The Catholic League has long noted that incidents of anti-Catholicism receive scant attention in the press. One recent example can be found in today’s issue of Newsday. The paper, dealing with Don Imus’s return to radio, includes a list of other prominent people who have paid a price for making offensive remarks. Mentioned are those who have insulted blacks, Jews, and the Chinese. Not listed are men such as Penn Jillette and Bill Maher, both of whom have made outrageously bigoted and disrespectful comments towards Catholics.
On his Showtime program, Jillette called Mother Teresa “Mother F–king Teresa” and referred to her fellow religious sisters as “F–king c–ts.” On his CBS radio talk show, he also discussed a rumor that Paris Hilton would portray the saintly nun in a film, saying “Paris Hilton is so far above Mother Teresa on the moral scale, she should not lower herself” by accepting the role.
Bill Maher, who has a long history of bigotry against Catholics, has said things such as:It’s easy to start a religion! Watch, I do it for you: I had a vision last night! A vision! The Blessed Virgin Mary came to me–I don’t know how she got past the guards–and she told me it’s high time to take the high ground from the Seventh Day Adventists and give it to the 24-hour party people. And what happens in the confessional stays in the confessional. Gay men, don’t say you’re life partners, say you’re a nunnery of two. ‘We weren’t having sex, officer; I was performing a very private Mass, here in my car. I was letting my rod and staff comfort him. Take this and eat of it, [our emphasis] for this is my roommate Barry. And for all those who believe there is a special place for you in Kevin.’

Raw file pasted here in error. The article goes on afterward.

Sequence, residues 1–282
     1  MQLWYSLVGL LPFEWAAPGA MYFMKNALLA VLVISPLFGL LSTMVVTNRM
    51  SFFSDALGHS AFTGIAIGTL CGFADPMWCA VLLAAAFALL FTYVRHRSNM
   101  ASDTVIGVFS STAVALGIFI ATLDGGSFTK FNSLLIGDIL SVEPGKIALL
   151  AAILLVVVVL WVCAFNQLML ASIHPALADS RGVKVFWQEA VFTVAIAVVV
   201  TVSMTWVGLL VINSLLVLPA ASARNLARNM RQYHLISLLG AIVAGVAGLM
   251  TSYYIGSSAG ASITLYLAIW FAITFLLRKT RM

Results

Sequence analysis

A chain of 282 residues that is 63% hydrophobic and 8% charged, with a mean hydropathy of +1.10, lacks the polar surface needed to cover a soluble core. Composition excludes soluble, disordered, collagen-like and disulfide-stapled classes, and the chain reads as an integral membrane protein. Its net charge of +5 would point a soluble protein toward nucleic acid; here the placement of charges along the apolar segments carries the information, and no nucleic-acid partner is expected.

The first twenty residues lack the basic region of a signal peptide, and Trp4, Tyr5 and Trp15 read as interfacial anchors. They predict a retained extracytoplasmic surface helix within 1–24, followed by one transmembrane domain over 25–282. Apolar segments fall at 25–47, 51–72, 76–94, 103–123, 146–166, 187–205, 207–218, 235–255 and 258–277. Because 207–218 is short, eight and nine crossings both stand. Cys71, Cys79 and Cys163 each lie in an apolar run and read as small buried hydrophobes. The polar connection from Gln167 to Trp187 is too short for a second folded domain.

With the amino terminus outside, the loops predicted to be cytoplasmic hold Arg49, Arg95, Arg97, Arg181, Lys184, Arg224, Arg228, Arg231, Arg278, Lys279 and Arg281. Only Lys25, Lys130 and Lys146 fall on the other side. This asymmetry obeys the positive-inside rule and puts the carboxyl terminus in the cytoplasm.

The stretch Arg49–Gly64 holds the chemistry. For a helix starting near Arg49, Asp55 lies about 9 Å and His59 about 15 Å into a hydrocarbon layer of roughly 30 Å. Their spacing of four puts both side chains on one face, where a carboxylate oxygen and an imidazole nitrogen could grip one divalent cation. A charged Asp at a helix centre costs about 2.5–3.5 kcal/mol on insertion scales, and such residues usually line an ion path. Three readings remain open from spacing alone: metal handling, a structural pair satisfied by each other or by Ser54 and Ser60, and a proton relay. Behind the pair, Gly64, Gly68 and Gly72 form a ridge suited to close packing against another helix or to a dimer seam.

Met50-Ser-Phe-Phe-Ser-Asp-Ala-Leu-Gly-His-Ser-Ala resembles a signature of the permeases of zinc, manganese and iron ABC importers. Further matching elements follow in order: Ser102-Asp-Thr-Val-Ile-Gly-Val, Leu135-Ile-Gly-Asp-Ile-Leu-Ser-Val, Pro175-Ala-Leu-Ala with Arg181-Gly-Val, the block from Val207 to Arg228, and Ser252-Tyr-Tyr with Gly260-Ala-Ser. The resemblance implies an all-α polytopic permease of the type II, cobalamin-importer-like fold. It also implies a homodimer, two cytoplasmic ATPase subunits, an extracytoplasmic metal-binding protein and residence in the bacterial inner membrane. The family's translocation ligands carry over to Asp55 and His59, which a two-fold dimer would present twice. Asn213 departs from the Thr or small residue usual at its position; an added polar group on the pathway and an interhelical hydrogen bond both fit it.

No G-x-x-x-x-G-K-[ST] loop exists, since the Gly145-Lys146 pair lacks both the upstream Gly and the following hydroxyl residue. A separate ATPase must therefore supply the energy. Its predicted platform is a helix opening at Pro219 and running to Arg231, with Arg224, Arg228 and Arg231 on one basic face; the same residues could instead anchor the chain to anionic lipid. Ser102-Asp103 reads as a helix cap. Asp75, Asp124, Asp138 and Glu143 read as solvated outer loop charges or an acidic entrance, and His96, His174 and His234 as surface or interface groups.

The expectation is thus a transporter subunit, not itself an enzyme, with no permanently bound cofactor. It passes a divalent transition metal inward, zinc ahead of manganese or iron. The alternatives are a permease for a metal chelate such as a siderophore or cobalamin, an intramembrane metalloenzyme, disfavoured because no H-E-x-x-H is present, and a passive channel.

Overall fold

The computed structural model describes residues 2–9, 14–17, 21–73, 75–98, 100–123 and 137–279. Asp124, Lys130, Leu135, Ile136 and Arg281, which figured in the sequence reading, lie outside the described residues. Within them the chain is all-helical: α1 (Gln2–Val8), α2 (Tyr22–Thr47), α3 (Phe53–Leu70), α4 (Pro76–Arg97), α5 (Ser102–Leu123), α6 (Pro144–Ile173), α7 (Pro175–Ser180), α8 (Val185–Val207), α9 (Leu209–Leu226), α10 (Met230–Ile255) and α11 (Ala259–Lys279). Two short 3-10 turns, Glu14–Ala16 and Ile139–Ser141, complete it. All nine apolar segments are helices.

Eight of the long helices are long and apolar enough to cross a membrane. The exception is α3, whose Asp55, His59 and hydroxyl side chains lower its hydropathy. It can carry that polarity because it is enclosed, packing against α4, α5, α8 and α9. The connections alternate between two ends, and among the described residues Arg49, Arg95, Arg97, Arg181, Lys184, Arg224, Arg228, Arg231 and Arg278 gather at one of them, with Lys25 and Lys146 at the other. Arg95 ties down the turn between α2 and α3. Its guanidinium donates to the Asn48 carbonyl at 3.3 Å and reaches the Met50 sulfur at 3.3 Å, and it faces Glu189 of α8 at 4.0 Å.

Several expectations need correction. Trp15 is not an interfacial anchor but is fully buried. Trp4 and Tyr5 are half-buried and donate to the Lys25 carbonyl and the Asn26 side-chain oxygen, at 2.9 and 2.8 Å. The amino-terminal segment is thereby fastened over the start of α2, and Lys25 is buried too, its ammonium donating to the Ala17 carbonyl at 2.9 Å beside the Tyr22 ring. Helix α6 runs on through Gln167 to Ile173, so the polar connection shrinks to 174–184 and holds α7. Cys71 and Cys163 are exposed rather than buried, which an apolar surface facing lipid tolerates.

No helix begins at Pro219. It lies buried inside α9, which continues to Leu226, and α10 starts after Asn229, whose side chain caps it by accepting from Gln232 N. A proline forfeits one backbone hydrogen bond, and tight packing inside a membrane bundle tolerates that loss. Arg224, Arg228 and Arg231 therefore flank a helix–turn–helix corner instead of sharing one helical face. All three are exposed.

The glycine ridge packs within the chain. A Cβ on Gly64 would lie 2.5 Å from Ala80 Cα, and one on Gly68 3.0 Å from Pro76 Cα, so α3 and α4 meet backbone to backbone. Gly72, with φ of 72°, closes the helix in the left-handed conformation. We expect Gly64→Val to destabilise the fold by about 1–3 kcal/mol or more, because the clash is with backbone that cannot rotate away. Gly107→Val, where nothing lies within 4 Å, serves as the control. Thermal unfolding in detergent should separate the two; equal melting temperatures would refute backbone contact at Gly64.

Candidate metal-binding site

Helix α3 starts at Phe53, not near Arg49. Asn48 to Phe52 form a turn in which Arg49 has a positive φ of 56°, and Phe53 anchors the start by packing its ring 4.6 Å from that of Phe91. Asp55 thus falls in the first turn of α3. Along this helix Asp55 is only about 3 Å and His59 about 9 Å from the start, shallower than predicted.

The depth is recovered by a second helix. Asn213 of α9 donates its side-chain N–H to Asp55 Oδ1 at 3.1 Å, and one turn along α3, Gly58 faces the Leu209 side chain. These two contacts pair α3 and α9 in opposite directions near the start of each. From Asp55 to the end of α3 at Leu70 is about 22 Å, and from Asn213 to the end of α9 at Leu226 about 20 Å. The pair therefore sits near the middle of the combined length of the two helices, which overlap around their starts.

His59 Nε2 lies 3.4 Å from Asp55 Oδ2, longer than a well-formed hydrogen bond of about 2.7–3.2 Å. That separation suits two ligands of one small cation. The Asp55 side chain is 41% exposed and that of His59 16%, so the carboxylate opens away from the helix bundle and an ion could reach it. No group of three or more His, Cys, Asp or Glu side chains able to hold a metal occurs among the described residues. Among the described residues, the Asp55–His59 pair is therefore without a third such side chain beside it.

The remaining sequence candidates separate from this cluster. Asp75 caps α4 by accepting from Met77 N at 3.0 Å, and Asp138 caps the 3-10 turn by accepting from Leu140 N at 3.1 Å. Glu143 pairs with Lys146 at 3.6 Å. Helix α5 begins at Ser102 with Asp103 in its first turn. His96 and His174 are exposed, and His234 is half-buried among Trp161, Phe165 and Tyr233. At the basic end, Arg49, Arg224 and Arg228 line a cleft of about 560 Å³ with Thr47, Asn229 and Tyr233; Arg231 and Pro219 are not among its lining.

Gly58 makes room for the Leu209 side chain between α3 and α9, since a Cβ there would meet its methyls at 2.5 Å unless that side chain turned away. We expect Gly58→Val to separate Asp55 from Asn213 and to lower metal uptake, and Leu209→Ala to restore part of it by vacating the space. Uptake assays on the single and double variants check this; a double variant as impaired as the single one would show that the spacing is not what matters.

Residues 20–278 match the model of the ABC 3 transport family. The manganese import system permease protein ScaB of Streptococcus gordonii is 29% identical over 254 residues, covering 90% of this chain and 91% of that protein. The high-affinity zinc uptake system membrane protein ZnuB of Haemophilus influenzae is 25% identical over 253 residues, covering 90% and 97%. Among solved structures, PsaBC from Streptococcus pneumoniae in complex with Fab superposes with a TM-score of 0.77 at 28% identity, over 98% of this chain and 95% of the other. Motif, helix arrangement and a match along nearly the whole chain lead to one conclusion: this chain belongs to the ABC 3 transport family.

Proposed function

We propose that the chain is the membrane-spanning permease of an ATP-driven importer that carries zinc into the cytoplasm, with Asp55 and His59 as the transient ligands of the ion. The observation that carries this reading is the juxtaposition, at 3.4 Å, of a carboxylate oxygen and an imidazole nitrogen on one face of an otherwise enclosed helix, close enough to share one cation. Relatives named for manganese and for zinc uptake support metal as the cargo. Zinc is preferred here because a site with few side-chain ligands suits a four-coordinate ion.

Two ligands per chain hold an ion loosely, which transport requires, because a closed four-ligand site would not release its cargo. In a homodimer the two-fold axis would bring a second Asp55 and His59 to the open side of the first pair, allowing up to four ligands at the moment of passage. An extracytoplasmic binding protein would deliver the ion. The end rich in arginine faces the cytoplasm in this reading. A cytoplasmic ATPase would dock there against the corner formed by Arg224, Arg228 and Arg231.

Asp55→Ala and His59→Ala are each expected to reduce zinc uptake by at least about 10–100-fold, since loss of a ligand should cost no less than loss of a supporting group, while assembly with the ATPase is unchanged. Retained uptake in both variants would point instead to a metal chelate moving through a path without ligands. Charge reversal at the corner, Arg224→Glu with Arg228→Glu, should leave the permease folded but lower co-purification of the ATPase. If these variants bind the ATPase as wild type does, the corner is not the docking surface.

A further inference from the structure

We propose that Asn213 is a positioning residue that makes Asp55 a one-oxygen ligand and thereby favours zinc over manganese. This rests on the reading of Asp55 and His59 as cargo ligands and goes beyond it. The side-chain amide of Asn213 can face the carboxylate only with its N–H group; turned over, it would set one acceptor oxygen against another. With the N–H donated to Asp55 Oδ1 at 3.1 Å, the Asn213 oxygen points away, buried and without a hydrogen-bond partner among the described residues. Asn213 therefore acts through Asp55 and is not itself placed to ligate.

But Maher and Jillette, for all their hate, don’t merit mention in Newsday’s list. And that is because no one ever suffers a penalty for attacking the Catholic Church. While folks lose their jobs over slurs against other groups, anti-Catholic bigots barely merit a raised eyebrow. The double standard is amazing.